There's been a lot of work in the camera department of the Huawei P8, with a host of modes and features packed inside this impossibly slender device.
Round the back you'll find a 13MP camera with dual-LED flash, while on the front you get a decent 8MP snapper - perfect for selfie lovers.
Huawei says it outperforms the snapper on the iPhone 6 Plus, with the P8 boasting the world's first four colour RGBW imaging sensor, best in class OIS (optical image stabilisation) and a DSLR quality ISP (image signal processor).
What does this all mean? A number of things actually, including enhanced low-light performance, brighter, more natural colours and a better auto mode which can assess your environment and adjust the settings accordingly to give you the best shot.
A party trick Huawei introduced with the Ascend P7 and has carried over to the P8 is Instant Shot. It allows you to snap a picture while the handset is locked by double clicking the down volume key.
It even shows up a timer on screen showing you how quickly it snapped the photo - usually 1.1 or 1.2 seconds for me - although you can't guarantee if your subject is in shot or in focus.
Fire up the app on the Huawei P8 and there's a distinctly iPhone look and feel, with a round shutter key below a row of camera modes which you slide sideways across to change.
Smartphone camera staples such as full HD video recording and HDR are also present on the Huawei P8, as is an iOS style filter providing you with eight Instagram friendly effects if you want to get arty.
Tap the menu in the top corner of the camera app and you'll get access to a few more modes including All focus, Watermark and Super night.
All focus is Huawei's attempt at the now common-place background defocus effect we're seeing on pretty much every top tier smartphone these days.
Snap a picture with All focus enabled and you can adjust the focus after taking the shot. It's easy to do, but the blur effect is relatively minor which means the overall appearance isn't as striking as on some rival handsets.
Watermark allows you to add stickers to your shots - be it your location, the weather or something cheesy like a food related slogan. It's very reminiscent of the filters you get on Snapchat. You have a limited level of control over them - but I can't see them getting used all that often.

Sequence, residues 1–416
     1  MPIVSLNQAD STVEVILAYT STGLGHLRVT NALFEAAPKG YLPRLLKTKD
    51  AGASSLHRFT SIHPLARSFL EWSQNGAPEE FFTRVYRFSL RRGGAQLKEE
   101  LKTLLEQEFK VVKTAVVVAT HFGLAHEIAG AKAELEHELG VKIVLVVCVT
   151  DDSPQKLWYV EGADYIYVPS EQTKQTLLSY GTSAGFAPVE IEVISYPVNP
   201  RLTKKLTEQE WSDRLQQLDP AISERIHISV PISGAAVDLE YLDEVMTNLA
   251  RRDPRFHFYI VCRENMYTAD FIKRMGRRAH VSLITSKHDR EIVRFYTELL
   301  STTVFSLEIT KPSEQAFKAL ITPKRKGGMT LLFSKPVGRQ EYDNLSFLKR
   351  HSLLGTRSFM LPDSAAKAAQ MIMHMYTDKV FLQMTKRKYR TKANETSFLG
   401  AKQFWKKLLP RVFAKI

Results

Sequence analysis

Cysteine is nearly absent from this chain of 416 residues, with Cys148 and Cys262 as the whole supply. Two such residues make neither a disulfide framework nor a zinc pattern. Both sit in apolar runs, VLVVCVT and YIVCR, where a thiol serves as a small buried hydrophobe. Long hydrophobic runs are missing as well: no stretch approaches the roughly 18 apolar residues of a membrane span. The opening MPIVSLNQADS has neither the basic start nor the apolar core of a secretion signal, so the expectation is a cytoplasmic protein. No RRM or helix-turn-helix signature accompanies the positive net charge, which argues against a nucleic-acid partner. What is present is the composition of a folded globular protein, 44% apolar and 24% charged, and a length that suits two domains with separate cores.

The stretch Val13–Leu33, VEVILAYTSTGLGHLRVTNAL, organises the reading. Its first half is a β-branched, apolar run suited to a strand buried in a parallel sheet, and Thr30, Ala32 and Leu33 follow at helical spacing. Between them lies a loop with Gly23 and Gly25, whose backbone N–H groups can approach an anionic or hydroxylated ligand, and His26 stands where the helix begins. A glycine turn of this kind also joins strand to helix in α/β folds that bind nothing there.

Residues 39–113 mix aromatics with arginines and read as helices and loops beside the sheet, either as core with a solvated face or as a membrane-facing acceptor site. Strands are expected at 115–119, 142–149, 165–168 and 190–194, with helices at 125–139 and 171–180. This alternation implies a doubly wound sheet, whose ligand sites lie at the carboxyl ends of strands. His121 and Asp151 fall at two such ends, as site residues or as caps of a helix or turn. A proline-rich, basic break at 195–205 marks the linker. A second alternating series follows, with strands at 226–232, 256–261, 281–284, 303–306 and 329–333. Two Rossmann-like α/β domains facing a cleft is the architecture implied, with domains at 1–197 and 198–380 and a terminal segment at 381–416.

You can probably guess what Super night is all about - yep its for those low-light situations. The Huawei P8 encourages you to keep the handset still, or use a tripod, as camera shake is more apparent here.
It doesn't do too bad a job, and I managed to get a couple of clear night shots with the P8 picking out a decent level of detail.
Exit Super night and slide across to "Light painting" for four more options; Car light trails, Light graffiti, Silky water and Star track. These rather gimmicky modes are mostly self explanatory, with Car light trails looking to give you the long exposure shots you see of traffic with the lines of light.
I found it difficult to actually get a decent light trails shot with the P8, with shaky results suggesting a tripod may be needed to ensure stillness.
Silky water sees the blending of moving water for a pretty cool effect while Light graffiti tracks moving light in a low light image. Great if you've got sparklers out for fireworks night, but you're unlikely to use it at any other point.
A new time lapse mode allows you to take photos at specific intervals and then stitch them together to make a short video. You can even add a soundtrack if you wish. It's slightly on the gimmicky side of things, but it's fun to play with.
Whatever you do stay away from the 'Beauty' mode, unless you want to end up looking like an alien. The results are truly terrifying with huge eyes and skeletal faces really pushing the boundaries of beauty.
Photos in general are of a high quality, with a good level of detail although colours aren't quite as vibrant as the Samsung Galaxy S6 - possibly the best mobile camera currently on the market.
You're unlikely to be disappointed with results, but I did find it annoying that HDR didn't have an auto mode and you had to specifically engage it whenever you wanted it.
For all the hype Hauwei gave the camera on the P8 it doesn't feel like it's quite lived up to it, but don't let that put you off as it's still a very capable snapper and you'll take some excellent shots with it.